Effects of Thermal Aging on Material Properties, Stress Corrosion Cracking, and Fracture Toughness of AISI 316L Weld Metal

Timothy Lucas*, Antti Forsström, Tapio Saukkonen, Ronald Ballinger, Hannu Hänninen

*Corresponding author for this work

Research output: Contribution to journalArticleScientificpeer-review

8 Citations (Scopus)

Abstract

Thermal aging and consequent embrittlement of materials are ongoing issues in cast stainless steels, as well as duplex, and high-Cr ferritic stainless steels. Spinodal decomposition is largely responsible for the well-known “748 K (475 °C) embrittlement” that results in drastic reductions in ductility and toughness in these materials. This process is also operative in welds of either cast or wrought stainless steels where δ-ferrite is present. While the embrittlement can occur after several hundred hours of aging at 748 K (475 °C), the process is also operative at lower temperatures, at the 561 K (288 °C) operating temperature of a boiling water reactor (BWR), for example, where ductility reductions have been observed after several tens of thousands of hours of exposure. An experimental program was carried out in order to understand how spinodal decomposition may affect changes in material properties in Type 316L BWR piping weld metals. The study included material characterization, nanoindentation hardness, double-loop electrochemical potentiokinetic reactivation (DL-EPR), Charpy-V, tensile, SCC crack growth, and in situ fracture toughness testing as a function of δ-ferrite content, aging time, and temperature. SCC crack growth rates of Type 316L stainless steel weld metal under simulated BWR conditions showed an approximate 2 times increase in crack growth rate over that of the unaged as-welded material. In situ fracture toughness measurements indicate that environmental exposure can result in a reduction of toughness by up to 40 pct over the corresponding at-temperature air-tested values. Material characterization results suggest that spinodal decomposition is responsible for the degradation of material properties measured in air, and that degradation of the in situ properties may be a result of hydrogen absorbed during exposure to the high-temperature water environment.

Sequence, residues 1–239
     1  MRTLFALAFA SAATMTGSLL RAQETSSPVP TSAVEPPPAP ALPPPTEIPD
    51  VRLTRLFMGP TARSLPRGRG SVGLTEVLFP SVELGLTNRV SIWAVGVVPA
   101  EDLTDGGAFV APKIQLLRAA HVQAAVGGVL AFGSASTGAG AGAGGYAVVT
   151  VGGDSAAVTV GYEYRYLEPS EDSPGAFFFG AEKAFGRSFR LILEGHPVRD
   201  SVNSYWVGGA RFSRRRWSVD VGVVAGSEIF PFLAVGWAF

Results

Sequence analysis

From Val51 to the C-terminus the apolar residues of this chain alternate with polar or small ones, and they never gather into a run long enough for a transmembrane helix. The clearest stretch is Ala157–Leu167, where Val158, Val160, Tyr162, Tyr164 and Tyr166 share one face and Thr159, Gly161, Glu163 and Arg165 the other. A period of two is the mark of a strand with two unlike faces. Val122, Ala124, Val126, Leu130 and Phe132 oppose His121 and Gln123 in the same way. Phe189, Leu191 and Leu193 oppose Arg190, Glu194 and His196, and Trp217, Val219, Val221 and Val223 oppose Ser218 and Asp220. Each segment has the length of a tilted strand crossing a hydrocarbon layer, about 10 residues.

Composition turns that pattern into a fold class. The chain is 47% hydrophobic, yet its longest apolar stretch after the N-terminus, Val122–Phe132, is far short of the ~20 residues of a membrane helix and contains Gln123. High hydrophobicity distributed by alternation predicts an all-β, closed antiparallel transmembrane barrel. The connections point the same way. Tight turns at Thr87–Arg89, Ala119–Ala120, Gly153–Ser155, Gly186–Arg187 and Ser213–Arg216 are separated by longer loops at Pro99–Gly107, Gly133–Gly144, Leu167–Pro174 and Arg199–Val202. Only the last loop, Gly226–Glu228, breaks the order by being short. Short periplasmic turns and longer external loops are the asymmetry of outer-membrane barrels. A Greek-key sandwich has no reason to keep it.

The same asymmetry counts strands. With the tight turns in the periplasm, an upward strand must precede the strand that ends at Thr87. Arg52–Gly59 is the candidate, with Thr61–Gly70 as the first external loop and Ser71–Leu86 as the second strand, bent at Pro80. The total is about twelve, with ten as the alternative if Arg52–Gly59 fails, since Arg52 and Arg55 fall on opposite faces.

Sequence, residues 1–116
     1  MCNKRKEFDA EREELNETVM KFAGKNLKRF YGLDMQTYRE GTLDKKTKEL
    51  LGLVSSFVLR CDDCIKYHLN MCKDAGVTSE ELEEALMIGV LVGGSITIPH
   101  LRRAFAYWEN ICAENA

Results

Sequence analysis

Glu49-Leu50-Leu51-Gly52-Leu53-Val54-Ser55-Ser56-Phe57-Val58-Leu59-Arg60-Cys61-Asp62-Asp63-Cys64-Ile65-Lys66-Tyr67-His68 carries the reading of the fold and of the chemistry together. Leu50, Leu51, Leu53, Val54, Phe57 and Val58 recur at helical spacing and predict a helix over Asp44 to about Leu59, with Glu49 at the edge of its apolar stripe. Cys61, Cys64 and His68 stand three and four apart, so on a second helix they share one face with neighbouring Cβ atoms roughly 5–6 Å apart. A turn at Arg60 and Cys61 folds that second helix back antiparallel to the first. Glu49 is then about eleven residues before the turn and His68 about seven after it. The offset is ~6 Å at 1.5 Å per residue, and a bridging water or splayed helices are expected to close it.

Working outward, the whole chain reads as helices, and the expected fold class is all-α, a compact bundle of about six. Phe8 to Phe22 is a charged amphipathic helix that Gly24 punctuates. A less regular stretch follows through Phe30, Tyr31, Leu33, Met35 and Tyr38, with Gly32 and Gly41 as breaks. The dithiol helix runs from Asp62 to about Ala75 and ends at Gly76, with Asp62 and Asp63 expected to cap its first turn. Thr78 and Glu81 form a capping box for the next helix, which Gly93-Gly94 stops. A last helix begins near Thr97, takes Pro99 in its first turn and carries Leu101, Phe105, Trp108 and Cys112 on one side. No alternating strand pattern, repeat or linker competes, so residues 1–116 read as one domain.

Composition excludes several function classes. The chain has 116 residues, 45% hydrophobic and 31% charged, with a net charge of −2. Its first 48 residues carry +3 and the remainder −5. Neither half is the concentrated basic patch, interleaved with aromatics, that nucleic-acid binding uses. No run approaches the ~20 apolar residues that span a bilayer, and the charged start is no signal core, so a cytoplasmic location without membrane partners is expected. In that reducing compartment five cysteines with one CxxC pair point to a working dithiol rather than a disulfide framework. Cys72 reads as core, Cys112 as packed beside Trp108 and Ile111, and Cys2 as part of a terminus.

Original languageEnglish
Pages (from-to)3956-3970
Number of pages15
JournalMETALLURGICAL AND MATERIALS TRANSACTIONS A: PHYSICAL METALLURGY AND MATERIALS SCIENCE
Volume47
Issue number8
DOIs
Publication statusPublished - 1 Aug 2016
MoE publication typeA1 Journal article-refereed

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